[whatwg] Physical quantities: <var> or <i>?
Jukka K. Korpela
jkorpela at cs.tut.fi
Mon Jul 25 23:22:17 PDT 2011
25.07.2011 22:02, Ian Hickson wrote:
>> So what markup should we use for E = mc�, given that by the applicable
>> standards, E, M, and c should appear in italics and the other characters as
>> normal (upright)?
> It sounds like you want to use these characters:
> U+1D438 MATHEMATICAL ITALIC CAPITAL E
> U+1D45A MATHEMATICAL ITALIC SMALL M
> U+1D450 MATHEMATICAL ITALIC SMALL C
No, I don’t want to use them, since only about one person in a million
would see the expression. There are several reasons to that, including
the absence of those characters in fonts—the only commonly available
font that contained a reasonable collection of Plane 1 characters was
code2001, and it does not seem to be distributed by its author any more.
Characters not supported by any of the fonts installed in the user’s
system don’t degrade well. The user sees a small box or the ”�”
character (which may appear due to other problems, too).
Comparing this with how well <i>E</i> = <i>m</i><i>c</i>² works, I don’t
think anyone who understands the implications will give a second though
to using such Plane 1 characters in HTML documents.
> Alternatively, you can use MathML to mark up the equation.
Or I could use LaTeX and get a presentation of acceptable quality. Or an
image, as people still widely use. The question was about markup of
physical quantities in HTML. Using other tools just to present a casual
equation in running text would be disproportionate.
> Whether you want something in italics or not is more a matter for CSS than
> a matter for HTML.
In many contexts, by long traditions and conventions, the use of italics
is a matter of content, not casual presentation. When people know they
cannot use italics, they are forced to simulating it (e.g., writing /a/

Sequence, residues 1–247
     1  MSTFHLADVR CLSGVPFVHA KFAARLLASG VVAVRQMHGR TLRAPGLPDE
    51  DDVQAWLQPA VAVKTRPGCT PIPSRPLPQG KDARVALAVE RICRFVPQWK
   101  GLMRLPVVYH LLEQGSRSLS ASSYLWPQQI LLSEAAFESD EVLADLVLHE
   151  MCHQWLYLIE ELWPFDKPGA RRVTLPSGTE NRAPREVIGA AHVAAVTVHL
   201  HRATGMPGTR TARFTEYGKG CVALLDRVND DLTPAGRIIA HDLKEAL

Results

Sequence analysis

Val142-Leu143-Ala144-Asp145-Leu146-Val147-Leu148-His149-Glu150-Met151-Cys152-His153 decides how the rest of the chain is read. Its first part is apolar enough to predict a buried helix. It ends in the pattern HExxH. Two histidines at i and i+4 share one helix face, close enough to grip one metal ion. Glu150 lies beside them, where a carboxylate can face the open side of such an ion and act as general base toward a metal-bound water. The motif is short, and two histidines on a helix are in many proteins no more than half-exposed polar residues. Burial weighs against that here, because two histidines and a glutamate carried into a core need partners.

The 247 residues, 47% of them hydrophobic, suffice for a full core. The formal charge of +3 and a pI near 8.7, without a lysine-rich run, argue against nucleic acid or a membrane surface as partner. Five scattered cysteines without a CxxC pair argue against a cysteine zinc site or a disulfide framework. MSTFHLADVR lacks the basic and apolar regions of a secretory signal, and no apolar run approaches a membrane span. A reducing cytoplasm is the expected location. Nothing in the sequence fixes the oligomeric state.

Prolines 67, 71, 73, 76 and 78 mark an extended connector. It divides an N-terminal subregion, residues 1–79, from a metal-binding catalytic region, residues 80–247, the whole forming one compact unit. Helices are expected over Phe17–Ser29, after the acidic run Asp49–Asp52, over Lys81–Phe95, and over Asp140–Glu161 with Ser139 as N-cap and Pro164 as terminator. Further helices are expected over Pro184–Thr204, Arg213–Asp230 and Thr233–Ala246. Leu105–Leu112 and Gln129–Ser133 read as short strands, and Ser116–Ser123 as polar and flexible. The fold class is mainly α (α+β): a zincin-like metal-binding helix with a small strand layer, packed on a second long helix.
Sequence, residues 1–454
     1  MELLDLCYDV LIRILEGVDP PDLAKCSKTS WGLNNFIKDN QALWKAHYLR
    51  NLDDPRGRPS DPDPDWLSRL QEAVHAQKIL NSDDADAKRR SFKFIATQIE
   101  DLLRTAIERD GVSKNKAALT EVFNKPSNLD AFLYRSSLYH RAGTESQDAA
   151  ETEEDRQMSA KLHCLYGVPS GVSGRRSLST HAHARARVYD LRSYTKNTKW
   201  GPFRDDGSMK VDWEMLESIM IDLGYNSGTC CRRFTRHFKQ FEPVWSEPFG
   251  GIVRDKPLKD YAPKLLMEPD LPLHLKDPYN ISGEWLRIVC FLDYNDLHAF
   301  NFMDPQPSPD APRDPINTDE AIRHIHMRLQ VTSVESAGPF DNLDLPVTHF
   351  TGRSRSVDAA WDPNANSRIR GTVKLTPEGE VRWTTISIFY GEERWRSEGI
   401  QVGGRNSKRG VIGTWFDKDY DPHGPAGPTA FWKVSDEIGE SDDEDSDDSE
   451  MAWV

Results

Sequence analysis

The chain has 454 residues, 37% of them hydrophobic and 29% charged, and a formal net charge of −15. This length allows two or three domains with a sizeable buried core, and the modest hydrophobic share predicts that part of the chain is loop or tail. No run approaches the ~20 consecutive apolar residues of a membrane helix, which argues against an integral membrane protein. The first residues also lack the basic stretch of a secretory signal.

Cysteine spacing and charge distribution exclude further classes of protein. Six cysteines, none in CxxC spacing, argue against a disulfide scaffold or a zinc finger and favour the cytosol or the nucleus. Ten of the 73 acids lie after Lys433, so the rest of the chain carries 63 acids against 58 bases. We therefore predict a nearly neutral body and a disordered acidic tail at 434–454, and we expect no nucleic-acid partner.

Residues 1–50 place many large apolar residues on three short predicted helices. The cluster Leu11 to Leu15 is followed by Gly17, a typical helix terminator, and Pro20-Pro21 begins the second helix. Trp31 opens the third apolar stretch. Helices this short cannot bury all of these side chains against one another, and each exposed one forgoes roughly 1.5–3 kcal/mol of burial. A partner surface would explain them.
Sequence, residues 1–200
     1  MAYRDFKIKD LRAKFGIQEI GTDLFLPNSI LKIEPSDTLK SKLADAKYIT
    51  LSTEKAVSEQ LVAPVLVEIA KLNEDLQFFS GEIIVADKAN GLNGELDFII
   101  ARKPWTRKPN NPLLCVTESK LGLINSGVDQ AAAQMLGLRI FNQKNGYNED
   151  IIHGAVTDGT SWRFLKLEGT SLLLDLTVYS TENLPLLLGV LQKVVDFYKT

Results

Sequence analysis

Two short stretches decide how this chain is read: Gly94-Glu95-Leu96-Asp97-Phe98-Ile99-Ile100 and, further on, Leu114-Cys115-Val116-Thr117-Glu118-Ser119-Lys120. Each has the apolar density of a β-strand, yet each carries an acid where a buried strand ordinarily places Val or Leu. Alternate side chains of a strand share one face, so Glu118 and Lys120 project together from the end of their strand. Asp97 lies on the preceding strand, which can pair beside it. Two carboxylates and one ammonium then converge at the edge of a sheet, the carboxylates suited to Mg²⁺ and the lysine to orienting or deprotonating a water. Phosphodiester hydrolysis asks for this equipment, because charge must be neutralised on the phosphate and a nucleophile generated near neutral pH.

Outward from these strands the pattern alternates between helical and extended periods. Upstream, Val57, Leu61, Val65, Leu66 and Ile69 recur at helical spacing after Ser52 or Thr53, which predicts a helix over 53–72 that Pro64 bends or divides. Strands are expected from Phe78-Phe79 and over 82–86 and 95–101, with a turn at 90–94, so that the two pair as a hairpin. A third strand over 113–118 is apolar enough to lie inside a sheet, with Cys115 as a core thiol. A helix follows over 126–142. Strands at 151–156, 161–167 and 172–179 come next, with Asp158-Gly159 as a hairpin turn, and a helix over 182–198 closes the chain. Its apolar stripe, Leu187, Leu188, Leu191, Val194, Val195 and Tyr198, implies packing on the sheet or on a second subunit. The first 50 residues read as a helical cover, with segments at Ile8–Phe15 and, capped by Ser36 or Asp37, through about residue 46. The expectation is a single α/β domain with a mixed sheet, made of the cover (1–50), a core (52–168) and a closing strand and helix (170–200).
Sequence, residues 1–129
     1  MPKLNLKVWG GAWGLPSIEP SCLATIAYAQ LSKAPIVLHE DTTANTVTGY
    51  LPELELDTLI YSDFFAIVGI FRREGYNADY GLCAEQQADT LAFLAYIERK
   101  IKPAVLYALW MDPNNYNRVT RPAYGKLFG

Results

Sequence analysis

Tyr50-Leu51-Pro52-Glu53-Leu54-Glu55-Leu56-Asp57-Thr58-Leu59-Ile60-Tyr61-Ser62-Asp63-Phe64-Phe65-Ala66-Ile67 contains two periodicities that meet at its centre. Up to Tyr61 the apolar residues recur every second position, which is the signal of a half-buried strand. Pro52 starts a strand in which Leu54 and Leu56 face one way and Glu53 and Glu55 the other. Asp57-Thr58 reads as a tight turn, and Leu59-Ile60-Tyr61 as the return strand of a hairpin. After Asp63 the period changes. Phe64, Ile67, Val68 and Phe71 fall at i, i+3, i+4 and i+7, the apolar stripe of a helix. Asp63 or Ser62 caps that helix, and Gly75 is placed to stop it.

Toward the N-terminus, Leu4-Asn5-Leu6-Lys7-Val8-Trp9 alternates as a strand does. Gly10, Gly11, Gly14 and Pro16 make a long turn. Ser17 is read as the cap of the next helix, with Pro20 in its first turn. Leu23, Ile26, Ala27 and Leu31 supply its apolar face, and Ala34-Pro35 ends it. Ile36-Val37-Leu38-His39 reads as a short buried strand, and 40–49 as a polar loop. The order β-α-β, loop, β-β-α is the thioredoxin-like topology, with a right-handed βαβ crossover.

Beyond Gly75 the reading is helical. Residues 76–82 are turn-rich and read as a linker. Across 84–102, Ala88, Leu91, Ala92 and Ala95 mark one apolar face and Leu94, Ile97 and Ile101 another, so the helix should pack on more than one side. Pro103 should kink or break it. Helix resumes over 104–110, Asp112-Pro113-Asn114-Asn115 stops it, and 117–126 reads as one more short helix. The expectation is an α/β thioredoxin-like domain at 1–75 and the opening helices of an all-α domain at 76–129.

to denote italic “a”) or to avoiding the issue with clumsy methods like
long prose explanations. Wouldn’t it be odd to pretend that in HTML, you
are forced to something like that? After all, <i> has been with us since
the dawn of HTML, and all browsers support it when they can use italics
at all (and may use some special representation when not).
>> Should we consider the var element as covering physical quantities too?
>> After all, they can be regarded as variables in a broad sense, as
>> symbols that denote different values in different situations. However,
>> <var>c</var> would be odd, wouldn't it, since the symbol denotes a
>> universal constant of nature.
> You can look at it as being a variable whose value is a constant of
> nature. I've clarified the spec to indicate that this is fine.
I don’t think you have clarified whether <var> is suitable for physical
quantities, but I guess you meant to imply it—even though there is not a
single example about markup for physical quantities.
On the other hand, it seems that it doesn’t really matter. The <var>
element has now been defined to have such a wide and vague meaning that
it is pointless to use it. There is little reason to expect that any
software will ever pay attention to <var> markup on any semantic basis.
So authors will use <i> if they think italics is semantically essential,
and <var> won’t be used much.
>> A programming
>> language variable is something that is _not_ conventionally rendered in
>> italics. Rather, they are usually (though for no really good reason)
>> rendered in a monospace font, like any other expressions in computer
> Indeed. And vectors are usually bold.
So why should authors be told to use markup that by default (and always
when CSS is off) results in programming language constructs to be
italicized? Flagging “placeholders” with italics (as in “issue the
command <kbd>rm <i>filename</i></kbd> to delete a file) is a widely used
and understood style, but programming language variables are a
completely different issue.
>> Too bad there's no example of<var> used in programming context. The
>> current wording suggests that it would be normal, when discussing
>> programming, to write, say, "Then we define the variable
>> <var>myFoo</var> of type<code>fooType</code> with initial value
>> <code>"Foo"</code> - -", which really makes no sense, even if we use
>> both<var> and<code> for myFoo.
> Why does it make no sense?
Because it implies that in default rendering, identifiers of variables
appear in italics whereas identifiers of types or classes do not. Why
would anyone use extra <var> markup when it has no other implications
than requiring extra CSS code to remove (when possible) italics?
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